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Lesson Plans


Re: MEANING: Intention

[ Thread ][ Subject ][ Author ][ Date ]
Henry Taylor (taylorh)
Tue, 16 Feb 1999 21:30:39 -0700


>Re the idea of intention that has been discussed some lately--I had an
>artist friend spend the weekend. When I told him I was puzzled by what
>some of his work meant, he said that was irrelevant.

True----from his (the artist's, THIS SPECIFIC artist's) personal context.
You Can (If you want) accept it at face value and go no further... but, YOUR
context is probably asking for meaning. One nice possibility is that it
doesn't have to be "either/or" it could be "both/and"... side by side and
contradictory. Contradictions exist in a complex, mathmatically chaotic,
world and you can choose to resolve contradictions or not... as you wish.

> I said it didn't mean anything to me at all--that I didn't have any point
of
> accessing is work--that I needed some sort of handle--that it didn't seem
>interesting or worth bothering with otherwise.

This is, of course, true also. It's you. You know that it's important to be
this way, right? Without meaning there is meaninglessness and
meaninglessness can be a pretty unacceptable situation. It appears to be so
for you. It may NOT be so for me. Your artist friend may not be obliged to
provide for you the meaning that you need for your own personal reasons.
...that may be one of the simplest ways to look at it.

You are a pattern-seeking and a meaning generating organism... most
organisms are pattern-seeking and even need to be at some level just to
survive, to recognize nourishment and threat. You have the capacity to
derive your own meaning. The artist's cooperation is always nice and VERY
ratifying but unnecessary unless you choose to insist on it and I think you
can see the problem that could put you in.

There are people out there who will tell you that the artist is the last
resource you should turn to in order to understand or find meaning in a
work. (Yeah, there are) I figure we each get to decide how much authority
is goinfg to be alloted and where that authority best resides... for
ourselves.

Personally I'm very resistant to just handing authority, or control of
authority, over to "experts." Sometimes its the best choice, of course but I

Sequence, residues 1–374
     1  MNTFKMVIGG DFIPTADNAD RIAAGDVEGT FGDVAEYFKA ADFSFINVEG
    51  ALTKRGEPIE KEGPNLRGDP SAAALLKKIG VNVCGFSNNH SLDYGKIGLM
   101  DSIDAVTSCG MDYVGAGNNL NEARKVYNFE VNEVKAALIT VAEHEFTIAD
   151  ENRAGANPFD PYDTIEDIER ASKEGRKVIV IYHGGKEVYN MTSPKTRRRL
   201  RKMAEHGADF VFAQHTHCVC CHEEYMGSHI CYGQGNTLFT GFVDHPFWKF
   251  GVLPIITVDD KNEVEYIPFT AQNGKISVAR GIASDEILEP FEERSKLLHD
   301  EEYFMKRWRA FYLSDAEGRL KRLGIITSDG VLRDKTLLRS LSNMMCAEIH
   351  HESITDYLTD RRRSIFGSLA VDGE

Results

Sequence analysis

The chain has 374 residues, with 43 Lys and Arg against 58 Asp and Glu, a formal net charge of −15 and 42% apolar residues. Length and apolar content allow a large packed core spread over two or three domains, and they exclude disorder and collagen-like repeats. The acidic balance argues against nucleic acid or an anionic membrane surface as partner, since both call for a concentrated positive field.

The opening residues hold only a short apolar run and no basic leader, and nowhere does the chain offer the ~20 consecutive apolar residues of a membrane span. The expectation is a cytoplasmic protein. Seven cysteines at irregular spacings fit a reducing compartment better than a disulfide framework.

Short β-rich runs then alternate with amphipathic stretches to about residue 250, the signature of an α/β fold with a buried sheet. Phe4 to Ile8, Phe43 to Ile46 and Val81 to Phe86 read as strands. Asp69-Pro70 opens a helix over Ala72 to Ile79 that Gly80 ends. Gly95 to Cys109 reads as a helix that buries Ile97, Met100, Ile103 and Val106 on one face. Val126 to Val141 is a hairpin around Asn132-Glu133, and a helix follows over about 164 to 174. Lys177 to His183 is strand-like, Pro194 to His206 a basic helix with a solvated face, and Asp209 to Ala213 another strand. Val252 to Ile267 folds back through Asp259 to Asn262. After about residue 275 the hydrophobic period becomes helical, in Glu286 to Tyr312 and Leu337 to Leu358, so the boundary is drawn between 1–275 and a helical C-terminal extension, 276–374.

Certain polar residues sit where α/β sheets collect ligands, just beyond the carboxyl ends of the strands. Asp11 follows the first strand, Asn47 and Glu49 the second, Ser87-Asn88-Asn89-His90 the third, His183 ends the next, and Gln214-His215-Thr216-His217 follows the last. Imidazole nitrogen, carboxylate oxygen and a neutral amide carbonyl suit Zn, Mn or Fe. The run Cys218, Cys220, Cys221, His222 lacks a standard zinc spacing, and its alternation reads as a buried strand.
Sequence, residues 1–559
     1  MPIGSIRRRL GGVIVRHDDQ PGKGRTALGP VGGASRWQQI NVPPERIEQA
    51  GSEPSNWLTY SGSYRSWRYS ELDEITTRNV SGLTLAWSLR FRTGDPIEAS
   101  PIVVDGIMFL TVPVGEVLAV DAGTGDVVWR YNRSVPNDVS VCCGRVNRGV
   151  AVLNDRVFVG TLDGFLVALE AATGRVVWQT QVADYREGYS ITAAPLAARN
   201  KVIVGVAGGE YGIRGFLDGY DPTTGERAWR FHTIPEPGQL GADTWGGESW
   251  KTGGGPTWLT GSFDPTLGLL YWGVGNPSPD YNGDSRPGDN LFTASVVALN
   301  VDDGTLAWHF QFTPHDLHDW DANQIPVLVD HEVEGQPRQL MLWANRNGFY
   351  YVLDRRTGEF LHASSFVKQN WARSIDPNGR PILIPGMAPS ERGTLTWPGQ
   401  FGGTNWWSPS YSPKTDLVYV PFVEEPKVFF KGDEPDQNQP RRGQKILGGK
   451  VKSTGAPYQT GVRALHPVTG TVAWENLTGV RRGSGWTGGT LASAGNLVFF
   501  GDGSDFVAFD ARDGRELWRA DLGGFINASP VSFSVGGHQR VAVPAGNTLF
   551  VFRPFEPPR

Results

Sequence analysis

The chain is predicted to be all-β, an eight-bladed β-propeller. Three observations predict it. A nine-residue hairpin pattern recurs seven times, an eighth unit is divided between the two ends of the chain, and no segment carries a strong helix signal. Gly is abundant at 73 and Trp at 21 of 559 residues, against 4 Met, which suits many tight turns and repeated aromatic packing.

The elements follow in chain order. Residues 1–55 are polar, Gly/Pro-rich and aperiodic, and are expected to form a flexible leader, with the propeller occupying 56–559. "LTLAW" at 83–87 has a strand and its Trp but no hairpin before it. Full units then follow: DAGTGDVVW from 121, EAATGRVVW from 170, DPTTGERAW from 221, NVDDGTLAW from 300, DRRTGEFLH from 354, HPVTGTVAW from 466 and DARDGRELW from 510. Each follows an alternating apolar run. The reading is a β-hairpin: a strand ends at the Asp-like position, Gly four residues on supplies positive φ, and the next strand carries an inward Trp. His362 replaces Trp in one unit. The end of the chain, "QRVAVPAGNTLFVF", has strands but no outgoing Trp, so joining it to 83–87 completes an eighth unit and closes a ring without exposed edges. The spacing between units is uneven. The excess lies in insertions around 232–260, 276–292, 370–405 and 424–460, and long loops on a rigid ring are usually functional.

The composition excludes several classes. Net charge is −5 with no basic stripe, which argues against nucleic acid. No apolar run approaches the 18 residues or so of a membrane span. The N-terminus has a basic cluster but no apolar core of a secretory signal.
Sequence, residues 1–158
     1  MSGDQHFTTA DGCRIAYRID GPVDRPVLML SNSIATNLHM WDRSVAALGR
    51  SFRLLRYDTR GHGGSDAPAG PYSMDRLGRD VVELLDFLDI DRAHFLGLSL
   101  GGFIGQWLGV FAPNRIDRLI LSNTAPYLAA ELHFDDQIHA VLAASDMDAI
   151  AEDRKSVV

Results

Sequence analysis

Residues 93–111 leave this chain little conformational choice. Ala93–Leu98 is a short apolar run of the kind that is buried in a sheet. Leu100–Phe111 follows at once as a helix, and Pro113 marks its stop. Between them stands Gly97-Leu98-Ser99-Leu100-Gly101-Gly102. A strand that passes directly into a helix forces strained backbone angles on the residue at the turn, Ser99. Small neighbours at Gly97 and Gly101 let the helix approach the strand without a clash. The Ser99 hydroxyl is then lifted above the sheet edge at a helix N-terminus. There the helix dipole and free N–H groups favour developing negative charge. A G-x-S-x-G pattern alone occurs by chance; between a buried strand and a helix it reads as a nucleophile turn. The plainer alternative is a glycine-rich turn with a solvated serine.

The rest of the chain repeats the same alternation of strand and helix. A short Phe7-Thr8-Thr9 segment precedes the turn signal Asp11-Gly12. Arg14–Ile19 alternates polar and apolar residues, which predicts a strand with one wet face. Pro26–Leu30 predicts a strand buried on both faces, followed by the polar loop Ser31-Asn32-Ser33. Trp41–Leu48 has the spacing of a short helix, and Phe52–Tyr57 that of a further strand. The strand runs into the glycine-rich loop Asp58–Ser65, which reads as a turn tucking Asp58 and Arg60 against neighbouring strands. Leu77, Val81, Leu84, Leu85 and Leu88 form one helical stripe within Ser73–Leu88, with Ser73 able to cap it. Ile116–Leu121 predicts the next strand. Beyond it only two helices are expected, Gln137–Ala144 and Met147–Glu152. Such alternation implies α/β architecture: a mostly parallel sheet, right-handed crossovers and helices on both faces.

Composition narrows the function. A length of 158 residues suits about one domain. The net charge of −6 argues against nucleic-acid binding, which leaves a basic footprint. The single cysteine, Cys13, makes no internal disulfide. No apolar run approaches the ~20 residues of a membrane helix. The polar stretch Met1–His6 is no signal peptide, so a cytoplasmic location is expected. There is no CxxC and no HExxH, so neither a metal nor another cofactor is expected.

get to decide when its appropriate. The big difference between Art and
Oncology is that its usually very safe for me to make the BIG decisions in
Art and to rely on my own efforts to learn and understand and thereby, my
own 'expertise'. Cancer on the other hand seems to me to demand something
more clinical and hard-edged. I'll seek out and listen to the experts...even
when they disagree.

> He said he didn't care if the work succeeded in reaching anyone or not--he
> was happy with the way he had expressed himself.

I'd say he's entitled to make that decision (inconvenient tho it might be).
Here, however, I don't count... it's YOUR decision. right?

AND, he can change his mind too ... in 5 minutes or in 5 years. We grow and
develop. Sometimes we go back and forth over important things. Final
decisions are hard.

>I've run into this with students from time to time and usually
>convince them to provide some sort of cue. Has anyone else run across
>this? What do you do?

Have this same conversation or more accurately a variant of it--if there's
time. ;-) (It's easier to do with a keyboard I note. Probably has
something to do with my learning styles, intelligences, and predications.)
All I can really do is point out options along the road. There are parts of
the artworld, and fairly 'high-order' ones at that, where cues could be seen
as counter productive. Still there is no universal rule... only individuals
with rules that they choose to cling to with varying degrees of certainty
and dependence.

I really want students to make decisions on their own. Sometimes they aren't
ready. Sometimes they just can't. They still need to know that there are
(possibly at least) decisions to be made at some eventual point. and maybe
even that it might not be fair to always rely on others to make such
decisions for us. Sometimes you get to this part sometimes you don't.

Any way Ayesha, Look at your friend's work. Find some meaning (maybe he
doesn't know he left very subtle clues) Decide how helpful or useful it is.
Use that insight or not. You can change your mind later too. We're all
growing, eh?

Oh, and possibly it could be a good idea to NOT share your perception of
meaning in his work (if you find something. and, why shouldn't you?) with
your friend--or at least do it gently and carefully. If it's REALLY
important to him not to address this aspect he might not thank you for
confronting him with it! Well, it's a thought.

take care...
-henry
Tucson AZ